Trudeau himself became prime minister in 1968, at a time when French was a second-class language in the federal government. He immediately instituted an official languages policy designed to make French as much the language of the national government as English. Popular in his home province, he nonetheless made his reputation in the rest of Canada as a leader who was prepared to be tough on Quebec and to resist its more audacious demands.

The apparently endless debate over Canada’s future, which began with the Quiet Revolution, has sapped and destabilized the country. Too often it has seemed as if the Canada-Quebec dialogue is the sum total of the country. The economy has suffered from uncertainty over the direction of the province and country. The backlash to francophone nationalism has often revealed the worst side of English-Canadians, while in Quebec there are some who see two levels of citizenship, with the French on top and everyone else far down the scale. Outside the country, foreigners, watching Lucien Bouchard’s Parti Québécois set the stage for yet another referendum, almost exclusively associate Canada with “the Quebec problem.”

Yet the Quiet Revolution modernized Quebec and strengthened the French language. Quebec’s renaissance brought the French fact forcefully to the attention of Canadians across the country, so that hundreds of thousands of families have enrolled their children in immersion programs. Challenged constantly by the threat of breakup, Canadians value their country more than ever before.

Look, we finally got a flag!

Lester Bowles Pearson had been a soldier, a diplomat and a Nobel Peace Prize winner, all under the British flag or the Red Ensign, featuring Britain’s Union Jack. As foreign minister in 1956, he felt humiliated when Egypt’s President Gamal Abdul Nasser refused to have Canada’s Queen’s Own Rifles as peacekeepers in the Suez because they bore the Red Ensign and wore very British-looking uniforms. Canada was almost 100 years old, yet it did not have an official flag of its own.

Mackenzie King, who was prime minister most of the time from the 1920s to the 1940s, liked the notion of a distinctively Canadian flag as a symbol of Canadian nationhood. But only in theory. In practice, the issue was too emotional and divisive. Although the Red Ensign was rejected by French Canada, many anglophones would accept nothing else.

When he became prime minister, Pearson promised, Canada would have its own flag. The flag was admittedly

not the highest priority of Pearson’s minority Liberal government, which took office in April, 1963. Within a year, however, the administration was in trouble on several fronts, and the prime minister decided the country needed distraction and an injection of patriotism. It was time for the flag.

A brutal flag debate dominated the Commons for six months, with Conservative leader John Diefenbaker and other traditionalist MPs obstructing the flag legislation every way they could. Pearson favoured three red maple leaves on a white background with blue bars at the sides to represent the Atlantic and the Pacific. Dief ridiculed the “Pearson pennant.” A group of academics made public their “despairing feeling” that a maple leaf flag was insipid and “will subdy undermine the Canadian will to survive.” Hundreds of designs flowed in from across the country, and the batde of the symbol was on. Was there to be a fleur-de-lis? A beaver? The Canada goose? Crossed hockey sticks and pucks rampant?

Finally, it came down to three possibilities: the Red Ensign, the three-maple-leaf idea, or a large red maple leaf with red bars on a white background. Although a parliamentary committee endorsed the single maple leaf, Diefenbaker fought on. But he was deserted by his MPs from Quebec. Sensing victory, the Liberals moved to cut off debate by invoking closure to force a vote in the early hours of Dec. 15, 1964. In one of the most dramatic moments in parliamentary history, MPs who supported the new flag joined in singing O Canada, while the diehards responded across the aisle with God Save the Queen.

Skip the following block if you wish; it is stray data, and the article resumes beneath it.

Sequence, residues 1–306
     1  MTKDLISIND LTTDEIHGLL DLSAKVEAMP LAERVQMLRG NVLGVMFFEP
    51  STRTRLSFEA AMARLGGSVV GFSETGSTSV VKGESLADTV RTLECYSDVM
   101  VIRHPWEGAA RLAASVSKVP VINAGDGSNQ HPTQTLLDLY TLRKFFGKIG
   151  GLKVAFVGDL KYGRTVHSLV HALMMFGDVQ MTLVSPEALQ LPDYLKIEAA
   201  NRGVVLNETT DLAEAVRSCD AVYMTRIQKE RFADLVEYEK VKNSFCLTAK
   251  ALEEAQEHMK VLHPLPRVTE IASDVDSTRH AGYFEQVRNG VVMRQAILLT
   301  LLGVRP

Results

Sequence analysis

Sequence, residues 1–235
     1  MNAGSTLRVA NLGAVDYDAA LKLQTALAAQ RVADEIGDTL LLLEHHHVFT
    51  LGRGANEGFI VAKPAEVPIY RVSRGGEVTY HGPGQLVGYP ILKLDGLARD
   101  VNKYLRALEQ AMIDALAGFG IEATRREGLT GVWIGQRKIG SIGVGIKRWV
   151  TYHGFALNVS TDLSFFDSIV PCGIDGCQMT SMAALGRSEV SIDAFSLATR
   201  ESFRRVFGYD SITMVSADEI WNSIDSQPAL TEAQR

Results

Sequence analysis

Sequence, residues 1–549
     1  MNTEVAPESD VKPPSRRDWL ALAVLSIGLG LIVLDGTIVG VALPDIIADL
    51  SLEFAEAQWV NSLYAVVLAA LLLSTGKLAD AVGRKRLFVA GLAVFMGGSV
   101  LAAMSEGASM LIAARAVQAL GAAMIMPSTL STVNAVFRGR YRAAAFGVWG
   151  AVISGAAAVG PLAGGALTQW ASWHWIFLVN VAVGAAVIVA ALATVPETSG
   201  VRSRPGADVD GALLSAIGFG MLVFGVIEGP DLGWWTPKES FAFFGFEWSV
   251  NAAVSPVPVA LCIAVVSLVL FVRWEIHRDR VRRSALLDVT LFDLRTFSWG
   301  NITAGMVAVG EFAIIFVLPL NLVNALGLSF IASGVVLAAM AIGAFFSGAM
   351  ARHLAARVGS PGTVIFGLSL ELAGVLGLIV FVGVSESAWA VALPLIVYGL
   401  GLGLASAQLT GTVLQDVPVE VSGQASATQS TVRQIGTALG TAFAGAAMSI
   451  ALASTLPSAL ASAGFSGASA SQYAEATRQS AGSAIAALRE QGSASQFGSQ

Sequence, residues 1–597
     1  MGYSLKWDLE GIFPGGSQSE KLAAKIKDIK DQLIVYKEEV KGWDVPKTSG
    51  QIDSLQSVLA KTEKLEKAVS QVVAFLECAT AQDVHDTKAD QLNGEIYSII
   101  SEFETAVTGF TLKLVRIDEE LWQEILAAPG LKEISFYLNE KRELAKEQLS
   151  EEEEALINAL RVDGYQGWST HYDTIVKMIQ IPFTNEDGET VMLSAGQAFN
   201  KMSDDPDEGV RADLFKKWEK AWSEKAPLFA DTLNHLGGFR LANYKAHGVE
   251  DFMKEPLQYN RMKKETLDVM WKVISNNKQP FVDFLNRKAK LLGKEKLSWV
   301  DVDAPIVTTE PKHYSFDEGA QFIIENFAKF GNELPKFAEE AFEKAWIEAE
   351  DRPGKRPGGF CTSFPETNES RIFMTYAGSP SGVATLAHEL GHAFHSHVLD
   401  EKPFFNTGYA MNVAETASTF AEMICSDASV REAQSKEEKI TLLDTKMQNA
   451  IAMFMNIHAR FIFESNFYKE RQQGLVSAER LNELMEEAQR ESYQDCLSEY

On Feb. 15, 1965, the flag was raised for the first time in front of the largest crowd to assemble on Parliament Hill since the end of the Second World War. Defence minister Paul Hellyer watched, recording in his diary: “This will be Pearson’s greatest achievement.” Pearson agreed. In a 40-year public career, the flag was his proudest accomplishment. It went with him when he was carried to his burial place in Wakefield, Que. When Diefenbaker died, both the old and new flags were placed on his coffin. In a final gesture of defiance, Dief s beloved Red Ensign was, on his instruction, placed so that it covered part of the hated Maple Leaf flag.

Those ancient battles are long forgotten. Today, the flag is Canada’s most recognizable symbol—worn on backpacks, waved by schoolchildren, flown at homes and cottages in a profusion that belies quiet Canadianism. Macleans reader Chris Young of Guelph, Ont., writes he saw the flag flown on Canada Day, 1965, in Trafalgar Square in London—“I’m not an overly emotional individual, but I still get a bit weepy thinking about the pride I felt then, pride that has never diminished.”

Who will ever forget The Goal?

Canadians were confident—and why

not? Sure, the Soviet Union had been regularly whipping Canada at world and Olympic hockey championships. But wed never been represented by first-class professionals, mostly sending teams of amateurs who had little hope of ever making the National Hockey League.

Now, in September, 1972, there would be an eight-game showdown between the Soviet national team and a group of Canadians drawn from NHL clubs.

Their best against our best. This time Canada must win, would win.

“I had to play, it had become a matter of national pride,” said the Boston Bruins star centre Phil Esposito, a native of Sault Ste. Marie, Ont., who had scored a record 76 goals during the 1970-1971 NHL season. “It was our society against theirs, and as far as we were concerned, it was a damn war.”

In the first game, at the Montreal Forum, Esposito scored 30 seconds into the contest and the Toronto Maple Leafs’ Paul Henderson upped it to 2-0 before seven minutes had passed. But by the end of the first period, the score was tied and the Canadians realized the Soviets were going to be formidable. Montreal Canadiens’ Yvan Cournoyer exclaimed to a teammate: